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Latest posts by Welshonion

Ivy invasion

Posted: 26/09/2014 at 17:55
The reason the hedge trimmer is not suitable is that if you just trim the ivy you will encourage it! Big time. You don't have to go up a high ladder if you are unable to.

Force your way through the plant to the gable end of the garage and cut or saw the ivy stems right across the wall. Make sure there is a gap between the two cut ends of the stems or they will grow together again.

Sadly this is all going to look very ugly, but this ivy has been allowed to get out of hand. Pop into the garage and check if it is growing under the roof inside.

If you or your partner (sorry don't know which is which from your name) is pregnant, they shouldn't be going up ladders if they are not used to it. (As a dairy farmer, now retired, I didn't let pregnancy get in the way of such normal activities as climbing ladders and milking cows - chance would have been a fine thing ).

I only mention the ivy dust because in the context of sugarcraft, ivy leaves have to be washed before sugarpaste is pressed onto them. I don't think you should worry about it because in that instance the icing is going to be eaten.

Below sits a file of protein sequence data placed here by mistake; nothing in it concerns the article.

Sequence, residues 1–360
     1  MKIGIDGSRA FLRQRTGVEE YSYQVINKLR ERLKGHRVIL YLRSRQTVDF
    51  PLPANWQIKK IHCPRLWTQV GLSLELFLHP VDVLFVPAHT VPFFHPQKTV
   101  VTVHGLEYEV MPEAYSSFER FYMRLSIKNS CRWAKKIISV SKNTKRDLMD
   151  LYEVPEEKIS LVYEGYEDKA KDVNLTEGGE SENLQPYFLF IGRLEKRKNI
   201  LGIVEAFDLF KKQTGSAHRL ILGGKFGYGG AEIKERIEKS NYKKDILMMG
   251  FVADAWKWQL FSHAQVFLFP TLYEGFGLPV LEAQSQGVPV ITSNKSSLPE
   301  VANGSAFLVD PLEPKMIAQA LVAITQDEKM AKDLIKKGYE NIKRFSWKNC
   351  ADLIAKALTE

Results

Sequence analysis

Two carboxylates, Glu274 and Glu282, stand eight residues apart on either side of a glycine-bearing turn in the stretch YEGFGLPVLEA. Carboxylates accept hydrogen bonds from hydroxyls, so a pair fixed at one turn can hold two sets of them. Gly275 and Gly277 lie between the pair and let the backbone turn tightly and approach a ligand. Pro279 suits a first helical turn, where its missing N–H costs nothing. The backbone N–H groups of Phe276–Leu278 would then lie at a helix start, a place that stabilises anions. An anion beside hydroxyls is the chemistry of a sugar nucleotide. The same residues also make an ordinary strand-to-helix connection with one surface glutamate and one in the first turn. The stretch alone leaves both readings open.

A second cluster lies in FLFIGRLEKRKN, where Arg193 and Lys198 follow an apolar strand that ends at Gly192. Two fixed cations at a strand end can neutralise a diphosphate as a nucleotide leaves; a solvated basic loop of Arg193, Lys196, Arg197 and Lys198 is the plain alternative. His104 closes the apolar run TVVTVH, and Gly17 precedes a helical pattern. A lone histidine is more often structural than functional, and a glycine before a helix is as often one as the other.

Ivy invasion

Posted: 26/09/2014 at 16:28
The black dust on ivy leaves is toxic. Don't panic though, it won't kill you, especially if you are in the open air.

Larkspur and Monkshood

Posted: 26/09/2014 at 16:25
I have to say there are lots and lots of plants which are poisonous to animals, but we grow them all the same. It is very rare for animals to eat poisonous plants, they are IME much more likely to pick something up that they shouldn't when out for a walk.

Enjoy your grandchildren, at least if you visit them you won't have to clear up the mess!

Larkspur and Monkshood

Posted: 26/09/2014 at 15:04
Monkshood really is poison to dogs. And humans.

Do you mean to say your dogs are more important than your grandchildren visiting? Can you not shut the dogs in when they visit?

Ivy invasion

Posted: 26/09/2014 at 14:34
I'm surprised your neighbour is not agitating for you to control the ivy. Get up a ladder and cut it back, or get someone else to do it. Do not trim it all over, remove large chunks of it by cutting out branches. Not hedge trimmers; secateurs, and a saw are needed.

Haven for the birds and the bees is one thing; a plant out of control is another.

Better you tackle it now, than receive a solicitor's letter later.

Red slimey worms

Posted: 26/09/2014 at 13:20
Lucky you! They are not smelly, it must be your compost! Sometimes I think they come up under the rim and lid when they are too hot; or when they are hungry.

Try and get a good mix of green (vegetable matter) and brown (shredded paper, cardboard, dry leaves).

And treasure your muck worms!


Posted: 26/09/2014 at 13:15
I use secateurs to cut the stems into short sections so they rot down in the compost.

Electricity Pole

Posted: 26/09/2014 at 00:58
Plant something nice and interesting the other side of the garden and you'll look at that rather than the pole.

Beware Horse chestnut. Lovely tree, but lots of them are dying of a dread disease.

Growing Sweet Peas 2014/2015

Posted: 24/09/2014 at 19:44
Thank you.

Hedge not looking well

Posted: 24/09/2014 at 10:47
It's pretty impossible to kill privet. If it is leaf cutter bees, you can ignore them as they don't kill the plant.

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